The Local Cultural of Recycling

This project is a result of the Methods of Contextual Research class led by Kwela Hermanns for the Savannah College of Art and Design. We were tasked with researching the local culture of a topic in the Savannah area. We decided to research the local culture of recycling.

Our initial interest in taking on this topic stemmed from a rumor that Savannah doesn’t recycle glass bottles. The process begins with secondary research, then a cultural probe to help gather data and hear from the community, their environment, and experiences when it comes to their perspective on recycling, followed by primary research where you will see various meaningful quotes pulled from a handful of our interviews conducted with a variety of Savannah cities, business managers, and county officials.

With all these data points from a variety of sources on hand, we began the process of affinitization in order to see the underlying feelings and core concepts that would bubble up to the surface to give us further insight into the local culture of recycling.

All of this lead us to propose six solutions to help mitigate waste through reuse, collaboration, and government mandates when it comes to recycling in Savannah.

Team Members

Katherine Weaver, Caroline Jakubowski, Ahmad Fathi, Viqar Riyaz Sayed, and Meagan Sapashe.


Secondary Research

After deciding upon the topic of recycling, my group and I kicked off our research exploration with secondary research. We used a variety of methods to help us organize our research, things like: Buzz Reports, Popular Media Scan, Key Facts, Trends Matrix, Convergence Map, Exploration, and Offering Activity Culture Map. Personally, I worked on the Popular Media Scan and the Trends Matrix. 


After beginning secondary research we conducted a field observation. We first attempted to station ourselves at a local coffee shop in Savannah. However, after discovering they didn’t have a recycling option, we chose to explore other coffee shops and chain restaurants within the vicinity. After a 10-15 minute search, we eventually found a local coffee shop that not only offered a recycling option for their patrons, but numerous locations we could view during the duration of our observation. 

Cultural Probe

In less than 4 days, we built a cultural probe to communicate and gain feedback from the people of Savannah. We wanted to gather more insight into the lives of our community in a casual and informal manner. In the design of our probe, we were attentive to its clarity, gamification, context, ergonomic layout and overall design. We were mindful of its eye management, ability to gain maximum and relevant data sets, ease of use, clarity of instruction and of course including a thank you at the end! 110 individual participants took part in our probe, each person was asked to "throw away" an item set of 24 into three bins (recycling, third-party drop-off, and trash). Our item set consisted of things like diapers, cardboard boxes, ink cartridges, batteries, appliances, and paper cup to name a few. Our probe provided us with a maximum of 4950 individual data points.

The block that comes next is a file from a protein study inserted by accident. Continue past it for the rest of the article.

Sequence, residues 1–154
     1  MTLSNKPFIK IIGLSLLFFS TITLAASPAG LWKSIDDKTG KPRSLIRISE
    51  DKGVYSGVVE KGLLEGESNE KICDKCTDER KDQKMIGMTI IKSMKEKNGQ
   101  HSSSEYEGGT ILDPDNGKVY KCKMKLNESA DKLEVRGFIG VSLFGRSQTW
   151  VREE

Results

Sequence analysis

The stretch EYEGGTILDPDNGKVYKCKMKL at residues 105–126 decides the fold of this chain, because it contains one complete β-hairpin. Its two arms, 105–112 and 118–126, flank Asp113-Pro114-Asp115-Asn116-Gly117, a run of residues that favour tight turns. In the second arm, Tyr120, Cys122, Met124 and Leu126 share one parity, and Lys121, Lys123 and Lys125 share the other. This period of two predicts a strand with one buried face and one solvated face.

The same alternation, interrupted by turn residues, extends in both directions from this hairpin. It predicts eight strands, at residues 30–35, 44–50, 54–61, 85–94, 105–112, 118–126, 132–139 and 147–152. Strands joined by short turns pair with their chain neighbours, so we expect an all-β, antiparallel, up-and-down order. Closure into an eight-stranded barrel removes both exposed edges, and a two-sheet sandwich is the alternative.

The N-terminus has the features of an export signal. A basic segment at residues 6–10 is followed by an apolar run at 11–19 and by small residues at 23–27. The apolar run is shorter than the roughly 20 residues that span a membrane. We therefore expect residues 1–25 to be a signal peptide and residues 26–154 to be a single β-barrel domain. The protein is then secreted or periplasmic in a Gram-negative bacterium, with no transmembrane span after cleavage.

As a group, we managed to meet with and interview stakeholders in all walks of life. Among our gracious participants were local residents, including students, teachers, business owners, and municipal and county officials giving us a variety of different perspectives, and deeper insights into what was happening in regards to the feelings and current state of recycling in Savannah. Below is our Stakeholders Map, highlighted in purple are the stakeholders we were able to interview.



After completeing our research, we started our affinitization process. This process helped us get a sense of the underlying feelings and core messages within our data. These insights bubbled up to the surface, giving us a deeper insight into recycling in Savannah. This process began by writing over 500 individual data points on yellow sticky notes, once this was completed we affinitized these stickies based upon intuition, trying to stay away from key-word associations and keeping groups under 8 stickies. Once this process was completed, we began to write blue sticky notes for the emergent clusters, this consisted of writing representational statements in the voice of the user for each set, to help us understand what matters to the user. When that was completed we affinitized again, this time using the blue sticky notes, trying to stay away from key-word associations and keeping groups under 5 stickies. Once completed, we wrote a representational statement in the voice of the user for each cluster, this time on a pink sticky note, revealing key issues important to the user. Affinitizing one last time, we grouped the pink sticky notes together based on intuition and also key words this time around, after completing affinitization we wrote a final green sticky note to reveal core stories or insights, not necessarily in the voice of the user. Finally, we grouped together our green stickies with trend research and our quickly sketched "parking lot" ideas to help us further our insights and understanding of potential solutions. 



After completing the research and affinitization process, my team proposed six potential solutions. To help us better position our solutions, we created four personas to help keep us focused on the users.


A full process book and video of our final presentation are available upon request.